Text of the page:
After over a decade of development and evolution, the global blockchain ecosystem in 2020 now includes a multitude of businesses and enterprises, for example, information system integrators, integrators of fintech, financial holdings, banks, life insurance companies, and other financial technology industries.
In addition, examples of the sectors related to blockchain or cryptocurrency, or industries that have incorporated blockchain technology and achieved technological integration include domestic and foreign cryptocurrency exchanges, cryptocurrency software, hardware wallets, healthcare, cashless payment, digital asset integrators, supply chains, logistic system companies, business services providers (hotels, restaurants, and other companies in the service industries), e-commerce (online shopping), innovation, media services, and businesses that are prepared to achieve blockchain technology integration.
The blockchain ecosystem has undergone a remarkable boom in the past decade and is able to generate more value for all kinds of services. In the past, hackers set general servers or systems as the target for their attacks. In recent times, however, the whole blockchain ecosystem has become a lucrative target for cyber attacks. After summarization and analysis, the blockchain ecosystem can be categorized into the following four categories below. Common forms of a cyberattack are also analyzed:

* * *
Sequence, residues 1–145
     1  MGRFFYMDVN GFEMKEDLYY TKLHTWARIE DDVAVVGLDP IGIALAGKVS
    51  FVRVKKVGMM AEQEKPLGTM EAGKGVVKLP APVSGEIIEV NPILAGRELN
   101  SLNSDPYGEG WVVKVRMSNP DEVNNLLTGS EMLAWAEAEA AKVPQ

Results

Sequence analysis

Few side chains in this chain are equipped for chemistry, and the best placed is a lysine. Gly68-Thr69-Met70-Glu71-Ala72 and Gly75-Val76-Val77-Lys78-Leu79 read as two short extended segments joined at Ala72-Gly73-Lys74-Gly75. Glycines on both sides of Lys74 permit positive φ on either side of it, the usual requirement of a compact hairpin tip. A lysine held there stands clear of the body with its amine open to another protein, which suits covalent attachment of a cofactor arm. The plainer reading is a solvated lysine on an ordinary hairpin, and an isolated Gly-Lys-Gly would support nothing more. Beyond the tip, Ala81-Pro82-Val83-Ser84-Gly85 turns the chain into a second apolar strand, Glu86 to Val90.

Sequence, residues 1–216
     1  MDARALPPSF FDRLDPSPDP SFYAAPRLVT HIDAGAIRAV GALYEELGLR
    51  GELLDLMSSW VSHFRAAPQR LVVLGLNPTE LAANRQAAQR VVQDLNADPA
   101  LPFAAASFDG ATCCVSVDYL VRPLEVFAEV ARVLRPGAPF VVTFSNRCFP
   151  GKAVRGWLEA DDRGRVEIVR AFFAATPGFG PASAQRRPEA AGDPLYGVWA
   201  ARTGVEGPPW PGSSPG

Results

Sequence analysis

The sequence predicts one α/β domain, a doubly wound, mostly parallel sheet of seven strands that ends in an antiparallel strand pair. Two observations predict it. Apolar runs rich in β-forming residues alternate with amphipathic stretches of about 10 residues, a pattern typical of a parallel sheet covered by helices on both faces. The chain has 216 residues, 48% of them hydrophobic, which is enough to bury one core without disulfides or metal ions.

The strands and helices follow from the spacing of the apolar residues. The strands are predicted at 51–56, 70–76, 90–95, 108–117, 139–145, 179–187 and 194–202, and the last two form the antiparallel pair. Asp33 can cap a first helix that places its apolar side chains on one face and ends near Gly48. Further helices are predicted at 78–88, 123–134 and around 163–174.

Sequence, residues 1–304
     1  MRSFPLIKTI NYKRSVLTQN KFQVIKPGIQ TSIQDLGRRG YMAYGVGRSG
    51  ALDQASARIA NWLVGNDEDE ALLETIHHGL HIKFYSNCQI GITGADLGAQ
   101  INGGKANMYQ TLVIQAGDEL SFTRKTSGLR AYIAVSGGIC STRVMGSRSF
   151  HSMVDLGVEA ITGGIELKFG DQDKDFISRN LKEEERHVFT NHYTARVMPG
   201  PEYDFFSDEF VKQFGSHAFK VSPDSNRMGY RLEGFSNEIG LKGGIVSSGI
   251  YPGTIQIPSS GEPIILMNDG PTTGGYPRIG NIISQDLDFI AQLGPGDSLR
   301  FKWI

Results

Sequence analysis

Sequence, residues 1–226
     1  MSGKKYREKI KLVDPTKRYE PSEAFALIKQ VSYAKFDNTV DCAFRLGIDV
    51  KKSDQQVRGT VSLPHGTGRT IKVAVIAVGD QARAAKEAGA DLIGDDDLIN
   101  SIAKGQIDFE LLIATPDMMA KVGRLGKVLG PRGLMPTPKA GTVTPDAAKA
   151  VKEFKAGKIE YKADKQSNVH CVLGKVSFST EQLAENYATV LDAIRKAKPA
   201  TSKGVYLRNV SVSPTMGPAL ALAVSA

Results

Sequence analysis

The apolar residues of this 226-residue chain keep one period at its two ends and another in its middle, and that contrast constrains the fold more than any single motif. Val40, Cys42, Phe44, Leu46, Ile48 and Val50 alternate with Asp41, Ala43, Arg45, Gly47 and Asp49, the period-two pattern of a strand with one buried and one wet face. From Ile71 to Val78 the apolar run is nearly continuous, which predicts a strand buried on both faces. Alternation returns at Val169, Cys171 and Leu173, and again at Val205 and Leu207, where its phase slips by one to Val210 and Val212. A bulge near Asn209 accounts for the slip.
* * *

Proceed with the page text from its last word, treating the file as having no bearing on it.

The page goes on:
Figure 1 lists digital currency exchanges (DCE), different types of cryptocurrency wallets, payment ecosystems, and other e-commerce service software, programs, or platforms offered by players in blockchain-related service industries.
Among the common types of cyberattacks, damage or disruption to the network bandwidth (in the lower-left corner of the figure) includes DDoS (Distributed Denial-of-Service) attacks which aim to exhaust the resources of the targeted network or system to crash its services. Eg. Affecting normal transactions or causing currency fluctuations.
The second type of attack is one targeting account systems, including phishing, user-end cracking using reverse engineering, installing backdoor or Trojan viruses, scams and frauds, wiretapping, traffic analysis and masquerading, message modification, man-in-the-middle attacks, and so on. e.g. stealing accounts, modifying addresses, and transferring ownership in digital assets.
Attacks to payment and relevant service platforms include exploiting vulnerabilities, loopholes, zero-day threats in web app codes, using hacking software or self-developed software to intrude information systems, and obtain the administrative permission to unlawfully use the system to gain legitimate access and authorization; ultimately stealing users’ important data or transferring users’ digital assets.